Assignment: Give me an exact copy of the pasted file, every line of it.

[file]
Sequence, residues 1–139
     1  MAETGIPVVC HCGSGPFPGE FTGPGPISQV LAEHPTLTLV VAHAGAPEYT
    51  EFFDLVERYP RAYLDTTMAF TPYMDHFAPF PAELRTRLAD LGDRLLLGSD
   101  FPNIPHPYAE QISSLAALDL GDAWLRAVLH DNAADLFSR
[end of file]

Sequence, residues 1–139
     1  MAETGIPVVC HCGSGPFPGE FTGPGPISQV LAEHPTLTLV VAHAGAPEYT
    51  EFFDLVERYP RAYLDTTMAF TPYMDHFAPF PAELRTRLAD LGDRLLLGSD
   101  FPNIPHPYAE QISSLAALDL GDAWLRAVLH DNAADLFSR